Monday, November 11, 2013

The Virgin Cure by Ami McKay

This is the second book I have read my McKay.  I enjoyed it immensely. Moth is first abandoned at age 5 by her father.  Then at age 12 her mother sells her to a lady to be her maid. This is 1871 in Five Points NYC. Moth escapes the abusive situation and goes back home to Chrystie Street. But her mother is no where.  Eventually she ends up in a brothel.  She is groomed by the madam.  Her virginity will be sold to the highest bidder. You must read this book to find out what becomes of her!
National Canadian Bestseller
CBA Libris Award “Book of the Year” Nominee
O Magazine July 2012 “The Books of Summer” pick
Book of the Month Club – “Blue Ribbon Pick”
“I am Moth, a girl from the lowest part of Chrystie Street, born to a slum-house mystic and the man who broke her heart.” So begins The Virgin Cure, a novel set in the tenements of lower Manhattan in the year 1871. As a young child, Moth’s father smiled, tipped his hat and walked away from her forever. The summer she turned twelve, her mother sold her as a servant to a wealthy woman, with no intention of ever seeing her again.
These betrayals lead Moth to the wild, murky world of the Bowery, filled with house-thieves, pickpockets, beggars, sideshow freaks and prostitutes, where eventually she meets Miss Everett, the owner of a brothel simply known as “The Infant School.” Miss Everett caters to gentlemen who pay dearly for companions who are “willing and clean,” and the most desirable of them all are young virgins like Moth.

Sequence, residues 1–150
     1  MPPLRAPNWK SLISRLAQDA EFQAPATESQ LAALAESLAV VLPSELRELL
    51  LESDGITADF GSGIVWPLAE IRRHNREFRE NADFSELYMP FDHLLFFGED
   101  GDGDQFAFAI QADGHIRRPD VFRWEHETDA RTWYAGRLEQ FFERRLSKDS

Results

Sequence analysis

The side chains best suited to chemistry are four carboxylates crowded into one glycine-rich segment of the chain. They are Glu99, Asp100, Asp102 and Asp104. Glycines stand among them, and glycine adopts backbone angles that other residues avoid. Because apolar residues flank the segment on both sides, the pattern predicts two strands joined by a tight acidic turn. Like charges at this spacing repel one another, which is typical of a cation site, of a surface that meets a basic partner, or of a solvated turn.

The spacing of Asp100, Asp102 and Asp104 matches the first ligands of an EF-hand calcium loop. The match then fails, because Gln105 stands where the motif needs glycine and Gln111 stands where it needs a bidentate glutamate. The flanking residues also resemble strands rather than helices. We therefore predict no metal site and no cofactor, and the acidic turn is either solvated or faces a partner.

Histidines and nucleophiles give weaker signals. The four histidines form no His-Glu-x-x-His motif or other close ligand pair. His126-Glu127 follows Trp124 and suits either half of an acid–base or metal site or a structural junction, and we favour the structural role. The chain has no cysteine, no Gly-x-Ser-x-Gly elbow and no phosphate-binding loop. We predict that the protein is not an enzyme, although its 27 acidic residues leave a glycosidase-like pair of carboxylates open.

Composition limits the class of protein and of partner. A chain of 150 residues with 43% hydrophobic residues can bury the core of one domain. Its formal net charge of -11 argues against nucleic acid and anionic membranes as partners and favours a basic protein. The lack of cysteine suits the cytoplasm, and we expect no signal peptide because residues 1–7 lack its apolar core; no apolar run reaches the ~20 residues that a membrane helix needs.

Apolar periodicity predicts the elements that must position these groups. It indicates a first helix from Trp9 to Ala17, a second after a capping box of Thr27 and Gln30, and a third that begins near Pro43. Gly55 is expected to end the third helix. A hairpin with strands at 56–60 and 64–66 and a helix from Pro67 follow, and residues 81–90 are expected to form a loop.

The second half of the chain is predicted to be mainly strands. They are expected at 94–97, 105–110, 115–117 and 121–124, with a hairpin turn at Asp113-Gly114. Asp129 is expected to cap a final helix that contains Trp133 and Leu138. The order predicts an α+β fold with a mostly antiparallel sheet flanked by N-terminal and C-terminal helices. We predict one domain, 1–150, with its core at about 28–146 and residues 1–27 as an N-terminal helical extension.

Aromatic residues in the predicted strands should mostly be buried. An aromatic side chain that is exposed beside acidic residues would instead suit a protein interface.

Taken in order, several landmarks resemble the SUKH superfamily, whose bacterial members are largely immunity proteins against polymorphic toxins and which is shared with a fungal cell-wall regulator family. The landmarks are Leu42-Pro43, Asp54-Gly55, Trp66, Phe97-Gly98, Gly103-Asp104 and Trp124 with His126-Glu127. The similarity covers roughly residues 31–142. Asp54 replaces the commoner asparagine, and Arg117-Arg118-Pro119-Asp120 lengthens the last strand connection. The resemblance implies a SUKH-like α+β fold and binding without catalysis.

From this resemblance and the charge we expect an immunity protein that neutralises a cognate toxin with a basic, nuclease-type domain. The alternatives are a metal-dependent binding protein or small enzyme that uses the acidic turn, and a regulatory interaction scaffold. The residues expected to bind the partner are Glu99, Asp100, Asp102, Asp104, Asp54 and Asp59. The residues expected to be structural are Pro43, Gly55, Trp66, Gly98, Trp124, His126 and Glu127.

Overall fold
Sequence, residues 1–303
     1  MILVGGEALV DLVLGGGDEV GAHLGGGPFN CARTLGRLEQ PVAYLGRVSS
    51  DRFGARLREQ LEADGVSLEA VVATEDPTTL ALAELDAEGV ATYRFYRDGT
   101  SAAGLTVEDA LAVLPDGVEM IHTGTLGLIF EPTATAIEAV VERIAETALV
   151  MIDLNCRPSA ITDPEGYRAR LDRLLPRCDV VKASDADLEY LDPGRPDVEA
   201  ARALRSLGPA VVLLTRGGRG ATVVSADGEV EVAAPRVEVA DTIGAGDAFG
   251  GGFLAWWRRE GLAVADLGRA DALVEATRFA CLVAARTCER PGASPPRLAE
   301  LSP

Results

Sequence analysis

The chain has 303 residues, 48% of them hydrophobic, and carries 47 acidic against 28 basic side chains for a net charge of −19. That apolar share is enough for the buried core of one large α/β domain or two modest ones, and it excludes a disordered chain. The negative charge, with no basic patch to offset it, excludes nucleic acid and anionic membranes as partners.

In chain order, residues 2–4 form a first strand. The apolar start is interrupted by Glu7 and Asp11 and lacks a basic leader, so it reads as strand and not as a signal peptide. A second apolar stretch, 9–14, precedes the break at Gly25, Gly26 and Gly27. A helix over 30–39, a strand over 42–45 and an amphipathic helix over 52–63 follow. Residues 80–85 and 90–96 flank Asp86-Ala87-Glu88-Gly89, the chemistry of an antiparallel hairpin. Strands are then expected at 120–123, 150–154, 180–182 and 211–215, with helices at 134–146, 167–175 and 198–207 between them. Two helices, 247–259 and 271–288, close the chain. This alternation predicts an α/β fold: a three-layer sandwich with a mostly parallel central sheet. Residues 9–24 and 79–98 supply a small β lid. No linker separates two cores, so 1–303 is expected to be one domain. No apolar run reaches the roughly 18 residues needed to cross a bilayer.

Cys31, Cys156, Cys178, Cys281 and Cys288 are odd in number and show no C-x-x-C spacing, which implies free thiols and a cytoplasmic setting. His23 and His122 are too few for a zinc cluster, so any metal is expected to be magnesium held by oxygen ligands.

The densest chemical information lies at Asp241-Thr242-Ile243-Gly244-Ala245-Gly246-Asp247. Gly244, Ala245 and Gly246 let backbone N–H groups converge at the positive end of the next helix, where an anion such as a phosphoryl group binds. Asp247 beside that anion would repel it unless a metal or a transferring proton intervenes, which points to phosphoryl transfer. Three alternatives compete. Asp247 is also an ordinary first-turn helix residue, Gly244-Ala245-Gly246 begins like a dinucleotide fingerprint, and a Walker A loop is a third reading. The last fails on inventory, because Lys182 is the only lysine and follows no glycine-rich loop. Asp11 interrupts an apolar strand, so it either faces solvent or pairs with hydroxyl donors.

Through the friendship of Dr. Sadie, a female physician, Moth learns to question and observe the world around her, where her new friends are falling prey to the myth of the “virgin cure”–that deflowering a “fresh maid” can heal the incurable and tainted. She knows the law will not protect her, that polite society ignores her, and still she dreams of answering to no one but herself. There’s a high price for such independence, though, and no one knows that better than a girl from Chrystie Street. – From the publisher  From McKay's site....

Excerpt
The Virgin Cure
TO THE READER:

In 1871, I was serving as a visiting physician for the New York Infirmary for Indigent Women and Children. While seeing to the health and well-being of the residents of the Lower East Side, I met a young girl, twelve years of age, named Moth. In the pages that follow, you will find her story, told in her own words, along with occasional notes from my hand. In the tradition of my profession, I intended to limit my remarks to scientific observations only, but in the places where I felt compelled to do so, I've added a page or two from my past. These additions are offered in kindness and with the best of intentions.
OCTOBER 1878 S.F.H., DOCTOR OF MEDICINE

Recall ages - One age is but a part - ages are but a part;
Recall the angers, bickerings, delusions, superstitions, of the idea of caste,
Recall the bloody cruelties and crimes.
Anticipate the best women;
I say an unnumbered new race of hardy and well-defined